On Yorkbridge, leading out to Canal Pointe Boulevard, a haze of gold suffused every witch hazel tree, putting Cellini to shame. I had not noticed the link between haze and hazel. Nature as punster…
On Province Line Road, [--which I've convinced myself was a Lenni Lenape trail before it became the official boundary between East Jersey and West Jersey before the American Revolution--,] I passed “lavender blue, dilly dilly” all along the road. It seemed as though someone had spilled a bucket of celestial waters that had not yet seeped into earth. Except the ‘water’ was a profusion of crocuses. My first of this season.
Moments later, an ancient stone wall stood proudly, –protective as a hen with chicks-, above toughly delicate white belled flowers. That swathe could have been a veil worn by a Medieval monarch, married in a cathedral with a very long nave. The fabric of this veil was essence of snowdrops. Read the rest of this entry »
Brenda Jones was in the right place at the right time, when this red fox danced across Carnegie Lake not that many weeks ago. As I turn my new life over to NJ WILD, it is this wildness I seek.
Ten months ago, –when Ilene Dube of the Packet insisted that I create and maintain a nature blog, infused with some poetry, for the purposes of encouraging appreciation and preservation of nature–, I knew the blog’s name had to be NJ WILD. Even though I couldn’t have told anyone what a blog is, at that time. But I knew its essence is WILD.
Now NJ WILD has a life of its own. Last week, official statistics reported over 500 viewings in over 30 countries. The primary-hued pie chart showed a hefty red slice of known/local/repeat viewer-participants, and to you I am profoundly grateful always. But, by far, the preponderance of contact comes through “Search Engines.” A phrase I’d never heard a decade ago.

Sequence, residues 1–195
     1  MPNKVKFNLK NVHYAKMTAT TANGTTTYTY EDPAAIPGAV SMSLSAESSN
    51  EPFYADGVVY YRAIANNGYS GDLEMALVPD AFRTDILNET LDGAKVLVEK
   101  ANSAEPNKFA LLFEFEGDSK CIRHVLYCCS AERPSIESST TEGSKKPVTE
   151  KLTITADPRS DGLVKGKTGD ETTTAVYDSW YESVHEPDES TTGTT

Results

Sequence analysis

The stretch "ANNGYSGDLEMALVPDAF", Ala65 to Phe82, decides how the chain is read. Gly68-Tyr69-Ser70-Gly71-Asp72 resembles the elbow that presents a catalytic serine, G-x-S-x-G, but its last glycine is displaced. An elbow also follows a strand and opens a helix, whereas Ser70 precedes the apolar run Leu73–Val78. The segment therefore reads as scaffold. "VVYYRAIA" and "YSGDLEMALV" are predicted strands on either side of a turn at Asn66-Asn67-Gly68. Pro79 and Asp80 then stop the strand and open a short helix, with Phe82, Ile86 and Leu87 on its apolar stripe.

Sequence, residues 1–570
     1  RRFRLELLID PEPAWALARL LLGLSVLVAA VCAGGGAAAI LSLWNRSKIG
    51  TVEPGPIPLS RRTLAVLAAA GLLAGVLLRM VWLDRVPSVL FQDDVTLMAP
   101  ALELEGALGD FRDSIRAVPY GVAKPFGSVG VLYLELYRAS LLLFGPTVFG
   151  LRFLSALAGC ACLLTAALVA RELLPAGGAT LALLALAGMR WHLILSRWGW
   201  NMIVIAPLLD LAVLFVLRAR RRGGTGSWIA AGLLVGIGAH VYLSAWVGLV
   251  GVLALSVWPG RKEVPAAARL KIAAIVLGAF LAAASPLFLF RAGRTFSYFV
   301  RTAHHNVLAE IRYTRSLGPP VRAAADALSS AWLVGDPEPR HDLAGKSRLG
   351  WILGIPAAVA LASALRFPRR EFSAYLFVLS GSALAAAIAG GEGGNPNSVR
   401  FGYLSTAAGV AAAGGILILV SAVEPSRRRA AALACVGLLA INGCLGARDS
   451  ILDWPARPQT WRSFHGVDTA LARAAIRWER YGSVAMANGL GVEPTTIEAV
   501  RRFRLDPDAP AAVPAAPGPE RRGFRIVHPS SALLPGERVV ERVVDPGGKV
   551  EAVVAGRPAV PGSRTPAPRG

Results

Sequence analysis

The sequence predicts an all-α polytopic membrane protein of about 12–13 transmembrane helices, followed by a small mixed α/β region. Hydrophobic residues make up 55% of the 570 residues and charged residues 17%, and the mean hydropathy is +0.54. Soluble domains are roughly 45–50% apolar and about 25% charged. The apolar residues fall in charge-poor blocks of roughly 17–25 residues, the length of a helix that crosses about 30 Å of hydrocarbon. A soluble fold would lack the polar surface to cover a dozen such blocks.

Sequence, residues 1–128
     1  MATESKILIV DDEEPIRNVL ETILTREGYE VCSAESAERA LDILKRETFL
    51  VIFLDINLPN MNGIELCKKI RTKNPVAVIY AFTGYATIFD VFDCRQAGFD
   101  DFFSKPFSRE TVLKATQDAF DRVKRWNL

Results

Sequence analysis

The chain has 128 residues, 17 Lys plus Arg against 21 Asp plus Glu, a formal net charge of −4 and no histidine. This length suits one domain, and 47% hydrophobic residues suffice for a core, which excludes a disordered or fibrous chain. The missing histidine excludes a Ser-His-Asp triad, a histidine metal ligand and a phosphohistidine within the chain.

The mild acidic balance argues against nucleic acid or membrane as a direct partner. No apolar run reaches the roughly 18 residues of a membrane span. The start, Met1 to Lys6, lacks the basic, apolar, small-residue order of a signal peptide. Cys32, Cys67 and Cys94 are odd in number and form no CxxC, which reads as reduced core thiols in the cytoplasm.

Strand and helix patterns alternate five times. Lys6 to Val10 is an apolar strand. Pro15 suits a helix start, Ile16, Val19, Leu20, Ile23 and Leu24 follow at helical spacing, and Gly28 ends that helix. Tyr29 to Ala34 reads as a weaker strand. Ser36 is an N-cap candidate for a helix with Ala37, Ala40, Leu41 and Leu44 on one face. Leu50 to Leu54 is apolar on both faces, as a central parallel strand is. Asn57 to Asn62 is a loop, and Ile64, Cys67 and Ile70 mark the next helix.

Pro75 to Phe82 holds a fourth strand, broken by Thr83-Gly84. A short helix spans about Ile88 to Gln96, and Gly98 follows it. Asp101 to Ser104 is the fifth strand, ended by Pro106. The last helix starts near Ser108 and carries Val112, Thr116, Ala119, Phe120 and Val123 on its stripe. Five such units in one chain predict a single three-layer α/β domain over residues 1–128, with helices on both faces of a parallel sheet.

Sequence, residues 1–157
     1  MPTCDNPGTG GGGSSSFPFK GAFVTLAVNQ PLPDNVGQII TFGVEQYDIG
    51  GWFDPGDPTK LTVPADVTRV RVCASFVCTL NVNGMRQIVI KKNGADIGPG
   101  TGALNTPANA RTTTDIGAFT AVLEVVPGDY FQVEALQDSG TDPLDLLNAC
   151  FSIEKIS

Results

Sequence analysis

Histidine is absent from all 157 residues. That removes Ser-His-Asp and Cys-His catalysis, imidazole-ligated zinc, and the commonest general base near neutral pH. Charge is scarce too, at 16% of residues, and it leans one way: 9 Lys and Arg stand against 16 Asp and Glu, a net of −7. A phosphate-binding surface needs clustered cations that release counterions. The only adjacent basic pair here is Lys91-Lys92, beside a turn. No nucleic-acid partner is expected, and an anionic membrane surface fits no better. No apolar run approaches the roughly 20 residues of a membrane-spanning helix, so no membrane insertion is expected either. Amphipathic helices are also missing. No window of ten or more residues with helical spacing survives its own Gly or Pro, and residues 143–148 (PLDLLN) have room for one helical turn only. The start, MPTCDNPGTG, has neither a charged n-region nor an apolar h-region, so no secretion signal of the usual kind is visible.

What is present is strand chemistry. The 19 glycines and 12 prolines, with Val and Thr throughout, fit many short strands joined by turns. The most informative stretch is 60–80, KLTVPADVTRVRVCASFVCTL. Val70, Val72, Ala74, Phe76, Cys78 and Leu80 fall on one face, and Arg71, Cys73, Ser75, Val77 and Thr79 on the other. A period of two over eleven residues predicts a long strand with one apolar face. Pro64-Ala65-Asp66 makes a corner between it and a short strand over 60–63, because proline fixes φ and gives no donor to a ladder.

Ilene has launched me on a global voyage. What I want to know, now that we’re all in this together, known and unknown, is WHY is WILD so important to me?
If I cannot see and say WHY WILD is essential, how can I urge you to seek and to save it?
What many do not know is that, last summer, on the heels of beginning NJ WILD, the Muse of Poetry battled the Muse of Preservation, and Preservation won. Although co-founder and publicist of Princeton’s Cool Women Poets, I have turned aside the writing, the publicizing, even attendance at most poetic events. No more nightly critique sessions with U.S. 1 Poets, Delaware Poets, Bucks County Bards, let alone the treasured monthly critique time with Cool Women. They go forward without me, having brought in two new members. I, however, have chosen Preservation, am taking the WILD path. Read the rest of this entry »
NJ WILD readers - please join me at Gallery 14, Friday, March 20, from 6 - 8:30, for my friend, Tasha O’Neill’s newest exhibition: Etudes, Trees in Motion.
QUESTION - what does an art opening have to do with nature, with preservation? If someone hadn’t protected Ken Lockwood Gorge, New Jersey’s Colorado trout stream, set deep in a rocky forest, Tasha O’Neill may never have initiated her new photographic process:
I was with Tasha in New Jersey’s Ken Lockwood Gorge when she was inspired to wield her camera like a paintbrush dipped into light. What you’ll see in Hopewell is a series of luminous Etudes, from local woodlands to the redwood forest.
Joined with Under a Quiet Heaven, works by Jeffrey Yuan, I promise you a luminous experience of photographs like no others I have seen:
O.K., we’ve done it. Changed the clocks. At least, I hope I have. I have another confession to make. Daylight Savings Time’s arrivals and departures thoroughly daunt me. My malady does not even t sound better in French, though most things do - something like peur d’horloge… For weeks before we’re supposed to change those clocks, I know a rather uncharacteristic fear. Fear having to do with clocks.